The Master and Margarita , Mikhail Bulgakov
In this hilarious, lip-lickingly sinister novel, the Devil visits 1930’s Moscow and stirs up some serious mischief. Satan and his pals, including the gun-toting, back-talking giant cat known as Behemoth, harass the pretentious literary elite and the newly rich, seek to add a new member to their retinue, and cause general mayhem among the public. Though the magic in this novel is inherent in its premise, we are particularly fond of the magic show the Devil puts on at the Variety Theatre, which ends in women running nakedly through the street, their money evaporating, and Behemoth giggling.
The Tempest , William Shakespeare
In the most magical of Shakespeare’s plays (save, of course, for A Midsummer Night’s Dream, which could also have made this list) Prospero, the exiled sorcerer and Duke of Milan, has been stranded on an island for twelve years with his daughter Miranda, whom he dearly wishes to restore to her rightful place in society, their deformed servant Caliban, and the spirit Ariel. Though the play takes its title from the storm Prospero conjures to exact his revenge, the story is really about the magic of something much more mundane and poignant: the relationship between father and daughter, what each wishes for the other, and what happens when the latter grows up.
Like Water for Chocolate , Laura Esquivel
We all know that food can have an enormous effect on people — and we even like to tell ourselves that the way we cook food can have an effect on the taste. After all, cookies really do seem to be a little bit better when they’re “made with love,” don’t they? But in Esquivel’s novel, fifteen year old Tita cooks up a few magical dishes indeed, accidentally infusing the food she makes with her feelings, and influencing the people who eat it in more than subtle ways — stay away from that quail in rose petal sauce, we’re warning you.
Aurorarama , Jean-Christophe Valtat
The National described this novel as “what Jules Verne would write if woken from the dead and offered a dose of mushrooms,” which may even be understating the point a bit. Set in the alternative-reality Arctic city of New Venice, an unexplained airship looming in the sky above, the novel blends magic, allegory surreal adventures, and women who won’t stay dead to whip up a lush phantasmagoria of literary delight.
Mr. Fox , Helen Oyeyemi
In Oyeyemi’s prismatic retelling of the Bluebeard fable, author St. John Fox is ensnared in a love triangle between his wife, Daphne, and his imaginary muse, Mary Foxe. However, over the course of the book’s linked narratives, it soon becomes clear that Mary Foxe is quite a bit more than imaginary, even if she’s a little bit less than actual — she’s a fairy tale character, a muse, a ghost, a spirit. However, Oyeyemi is quick to undercut her own story’s magic — in one episode, Mary’s lover beheads her upon her request, as she believes that the act will turn her into a princess. “That is not what happened,” Oyeyemi tells us.
One Hundred Years of Solitude , Gabriel García Márquez
Perhaps the most famous work of magical realism in the modern canon, Márquez’s masterpiece has its roots in myth and symbols — symbols like the ghosts that visit the characters throughout the novel — and constantly juxtaposes the supernatural with the literal, weaving a beautiful story of love and time and family across generations. Here, the magic is just as figurative as it is literal.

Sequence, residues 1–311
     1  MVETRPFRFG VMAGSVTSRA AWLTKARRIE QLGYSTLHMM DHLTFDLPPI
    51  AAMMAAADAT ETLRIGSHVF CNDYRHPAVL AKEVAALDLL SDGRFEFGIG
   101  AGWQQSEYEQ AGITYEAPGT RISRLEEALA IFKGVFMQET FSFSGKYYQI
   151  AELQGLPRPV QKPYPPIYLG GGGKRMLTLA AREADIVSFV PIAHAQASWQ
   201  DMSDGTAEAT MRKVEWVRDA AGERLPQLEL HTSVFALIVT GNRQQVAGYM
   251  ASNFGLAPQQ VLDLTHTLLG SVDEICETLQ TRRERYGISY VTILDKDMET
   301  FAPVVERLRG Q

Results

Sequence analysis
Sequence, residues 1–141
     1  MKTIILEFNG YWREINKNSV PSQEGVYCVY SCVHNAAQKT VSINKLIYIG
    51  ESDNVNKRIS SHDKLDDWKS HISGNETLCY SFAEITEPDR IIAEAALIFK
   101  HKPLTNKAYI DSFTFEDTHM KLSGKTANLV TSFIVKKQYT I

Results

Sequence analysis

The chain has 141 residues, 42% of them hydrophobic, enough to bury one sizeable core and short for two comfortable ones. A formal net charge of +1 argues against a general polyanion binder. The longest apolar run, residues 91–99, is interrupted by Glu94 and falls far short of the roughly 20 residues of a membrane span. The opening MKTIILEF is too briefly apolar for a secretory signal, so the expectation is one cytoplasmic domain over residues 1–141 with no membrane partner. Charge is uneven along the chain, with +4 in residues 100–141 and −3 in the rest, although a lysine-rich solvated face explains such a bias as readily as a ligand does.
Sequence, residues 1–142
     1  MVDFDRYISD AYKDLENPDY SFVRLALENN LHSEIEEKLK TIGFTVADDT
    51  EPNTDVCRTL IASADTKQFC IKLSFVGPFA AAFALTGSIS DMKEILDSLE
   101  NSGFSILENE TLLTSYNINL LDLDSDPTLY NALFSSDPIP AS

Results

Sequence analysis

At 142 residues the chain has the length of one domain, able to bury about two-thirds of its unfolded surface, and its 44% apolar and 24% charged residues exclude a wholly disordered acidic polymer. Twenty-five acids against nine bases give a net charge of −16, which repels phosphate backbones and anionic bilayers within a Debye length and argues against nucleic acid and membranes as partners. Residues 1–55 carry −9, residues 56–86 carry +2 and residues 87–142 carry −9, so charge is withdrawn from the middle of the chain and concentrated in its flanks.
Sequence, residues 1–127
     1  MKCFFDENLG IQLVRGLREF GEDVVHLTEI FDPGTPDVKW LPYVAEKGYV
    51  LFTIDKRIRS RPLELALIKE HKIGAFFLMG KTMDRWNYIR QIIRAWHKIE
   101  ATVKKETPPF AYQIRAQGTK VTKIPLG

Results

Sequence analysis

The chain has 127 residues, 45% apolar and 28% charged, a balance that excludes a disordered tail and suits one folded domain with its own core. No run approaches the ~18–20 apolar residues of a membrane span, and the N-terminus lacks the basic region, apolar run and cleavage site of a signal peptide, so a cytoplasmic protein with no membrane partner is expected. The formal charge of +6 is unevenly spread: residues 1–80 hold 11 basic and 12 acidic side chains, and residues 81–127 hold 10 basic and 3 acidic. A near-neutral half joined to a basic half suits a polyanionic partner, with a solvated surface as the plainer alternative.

The Wind-Up Bird Chronicle , Haruki Murakami
In this strange, lush novel, the magic might be construed as dreams, or the dreams as magic. It’s unclear — the novel constantly has one foot in the illusory and one in the actual, a stance that, as uncomfortable as it may be, makes for some wonderful prose. If you accept, however, as we did when we read the book, that what happens to manchild Toru Okada at the bottom of the well has some basis in reality (at least in the world of the novel), then that seems like some serious magic to us. Unless there’s a trapdoor or something.
The House of the Spirits , Isabel Allende
Another sweeping family epic with magical undertones, this novel follows the Trueba family over four generations. Clara, the youngest daughter, is clairvoyant and telekinetic, predicting the future (even the death of her green-haired sister Rosa the Beautiful) and eventually communicating with the dead.
Jonathan Strange and Mr. Norrell , Susanna Clarke
There may be some contention as to whether this novel is a “fantasy” novel or not — but for our money it’s in a completely different category than classical fantasy literature like The Lord of the Rings. Clarke herself has said, “I think the novel is viewed as something new … blending together a few genres – such as fantasy and adventure and pastiche historical – plus there’s the whole thing about slightly knowing footnotes commenting on the story.” Indeed, the early-nineteenth century tale is like historical fiction, with just a few spellbooks thrown in for good measure, and is much more concerned with the tension between reason and madness than the typical fantasy fight between good and evil. And it’s definitely for grownups.
Midnight’s Children , Salman Rushdie
In Rushdie’s novel, when India became an independent country at midnight on August 15th, 1947, all of the one thousand and one children born in India’s first hour of independence were imbued with special magic, the potency of their powers increasing the closer they were born to midnight. Saleem Sinai was one of only two children born on the exact stroke of midnight — the other, of course, becomes his nemesis. Saleem, using his considerable telepathic powers, must call a Midnight Children’s Conference to discover their talents and to save the nation.